Yes, they’re only 19th in attendance (which is, as you point out, well ahead of where their market size would put them), but when you consider that they haven’t been to the playoffs this millennium (seriously), that they are 19th in attendance is nothing short of astounding.

      Additionally, they’ve done an excellent job of regionalizing despite how terrible they’ve been on the field. The result of that is that they now pull around a third of their gameday fans from the Rochester, NY and Hamilton, ON metro areas. If you add those metro areas to the equation, then that 47th largest metro area in the country moves up the rankings a fair amount – just adding the Rochester Metro would put it in the top 30 metro areas in the country.

      I’m also not sure whether those numbers include fans from Syracuse or who are what I call “diaspora” fans like me. If not, it may be that as many as 40-45% of gameday fans are coming from outside the Buffalo metro area. They’ve also (by which I mean “Russ Brandon”) done an outstanding job regionalizing their sponsorships; I don’t know the numbers, but I think an even bigger chunk of their sponsors come out of the Rochester area.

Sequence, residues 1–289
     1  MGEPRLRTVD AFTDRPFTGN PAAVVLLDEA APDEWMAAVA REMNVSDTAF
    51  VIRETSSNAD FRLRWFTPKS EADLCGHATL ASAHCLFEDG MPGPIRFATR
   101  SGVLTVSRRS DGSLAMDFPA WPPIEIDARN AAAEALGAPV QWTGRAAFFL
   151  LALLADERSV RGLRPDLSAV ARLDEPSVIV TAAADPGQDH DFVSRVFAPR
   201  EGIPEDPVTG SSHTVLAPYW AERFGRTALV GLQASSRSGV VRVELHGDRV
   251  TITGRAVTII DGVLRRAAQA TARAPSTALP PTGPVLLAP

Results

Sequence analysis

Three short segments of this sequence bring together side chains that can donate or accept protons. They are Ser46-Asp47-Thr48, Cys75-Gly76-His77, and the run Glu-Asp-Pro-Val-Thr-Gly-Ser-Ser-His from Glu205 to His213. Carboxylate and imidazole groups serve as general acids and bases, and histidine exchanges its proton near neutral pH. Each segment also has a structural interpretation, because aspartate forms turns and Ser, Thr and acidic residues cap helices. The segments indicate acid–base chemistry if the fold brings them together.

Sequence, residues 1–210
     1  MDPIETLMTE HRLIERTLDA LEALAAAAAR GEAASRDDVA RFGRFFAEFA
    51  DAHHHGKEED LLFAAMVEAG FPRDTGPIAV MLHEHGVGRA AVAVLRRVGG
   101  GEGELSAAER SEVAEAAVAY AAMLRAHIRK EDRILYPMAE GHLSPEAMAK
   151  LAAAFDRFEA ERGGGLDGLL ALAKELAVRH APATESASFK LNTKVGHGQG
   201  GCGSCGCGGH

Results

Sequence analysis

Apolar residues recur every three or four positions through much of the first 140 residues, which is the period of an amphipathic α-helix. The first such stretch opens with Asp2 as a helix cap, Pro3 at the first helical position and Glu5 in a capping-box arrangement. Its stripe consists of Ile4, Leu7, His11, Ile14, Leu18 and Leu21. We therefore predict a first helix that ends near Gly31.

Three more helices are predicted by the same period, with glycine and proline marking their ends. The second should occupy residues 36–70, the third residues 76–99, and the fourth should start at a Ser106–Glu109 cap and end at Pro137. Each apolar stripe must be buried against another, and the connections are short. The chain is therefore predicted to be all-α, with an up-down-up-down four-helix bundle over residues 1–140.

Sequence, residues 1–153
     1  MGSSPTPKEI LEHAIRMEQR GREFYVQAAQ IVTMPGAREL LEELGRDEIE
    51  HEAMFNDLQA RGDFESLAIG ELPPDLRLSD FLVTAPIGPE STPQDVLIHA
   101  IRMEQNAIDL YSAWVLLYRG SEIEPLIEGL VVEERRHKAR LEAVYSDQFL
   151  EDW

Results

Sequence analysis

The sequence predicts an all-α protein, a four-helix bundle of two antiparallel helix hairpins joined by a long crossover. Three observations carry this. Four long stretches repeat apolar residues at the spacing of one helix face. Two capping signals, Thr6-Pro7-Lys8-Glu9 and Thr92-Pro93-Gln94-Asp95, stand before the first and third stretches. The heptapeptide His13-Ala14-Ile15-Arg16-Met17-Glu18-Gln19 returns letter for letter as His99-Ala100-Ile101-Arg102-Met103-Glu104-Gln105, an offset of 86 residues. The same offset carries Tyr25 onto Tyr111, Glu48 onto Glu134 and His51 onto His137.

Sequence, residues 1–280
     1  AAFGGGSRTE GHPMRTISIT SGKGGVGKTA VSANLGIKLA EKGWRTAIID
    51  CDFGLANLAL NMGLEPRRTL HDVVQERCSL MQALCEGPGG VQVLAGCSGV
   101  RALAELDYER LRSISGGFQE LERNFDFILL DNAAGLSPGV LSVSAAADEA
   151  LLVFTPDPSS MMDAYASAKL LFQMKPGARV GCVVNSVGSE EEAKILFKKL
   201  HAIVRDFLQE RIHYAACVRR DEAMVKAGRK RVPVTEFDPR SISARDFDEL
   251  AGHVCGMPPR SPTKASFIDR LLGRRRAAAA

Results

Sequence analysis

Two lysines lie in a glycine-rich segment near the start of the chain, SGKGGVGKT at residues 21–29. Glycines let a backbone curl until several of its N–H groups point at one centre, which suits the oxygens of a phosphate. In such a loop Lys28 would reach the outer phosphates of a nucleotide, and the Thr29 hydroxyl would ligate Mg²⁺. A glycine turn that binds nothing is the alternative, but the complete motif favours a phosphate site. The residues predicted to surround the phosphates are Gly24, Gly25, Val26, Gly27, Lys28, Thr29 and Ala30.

On top of that, the Buffalo-Niagara metro may have finally stopped its decline –

      (Emphasis on may).

      Obviously metro area size matters a lot, but a passionate fan base can make up for quite a bit, and an uncaring fan base can cause quite a few problems even in a fairly large market. Miami, for instance, is the 8th largest metro area, has made the playoffs in somewhat recent memory, and was in the playoff hunt last year until late in the season, yet had a lower per-game attendance than the Bills. And, well, there’s a reason there hasn’t been a football team in LA in 20 years. It’s not at all clear to me that the Bills – or the NFL as a whole – would be more profitable if the Bills moved to Toronto or LA. They’d be giving up entirely on a market that, while small, consistently puts butts in the seats and in which television ratings are surprisingly high ( and exchanging that for a bigger market that is unlikely to consistently get butts in the seats, in which television ratings are likely to be comparatively weak, and where the cost of doing business is likely to be a lot higher.

      It would still be ideal for there to be some sort of public ownership of the team a la the Packers, but unfortunately NFL rules prohibit that – the Packers were grandfathered in when the rule was created. Other than the Packers, all NFL teams are required to have private ownership, and one owner needs to own at least 30% of the team.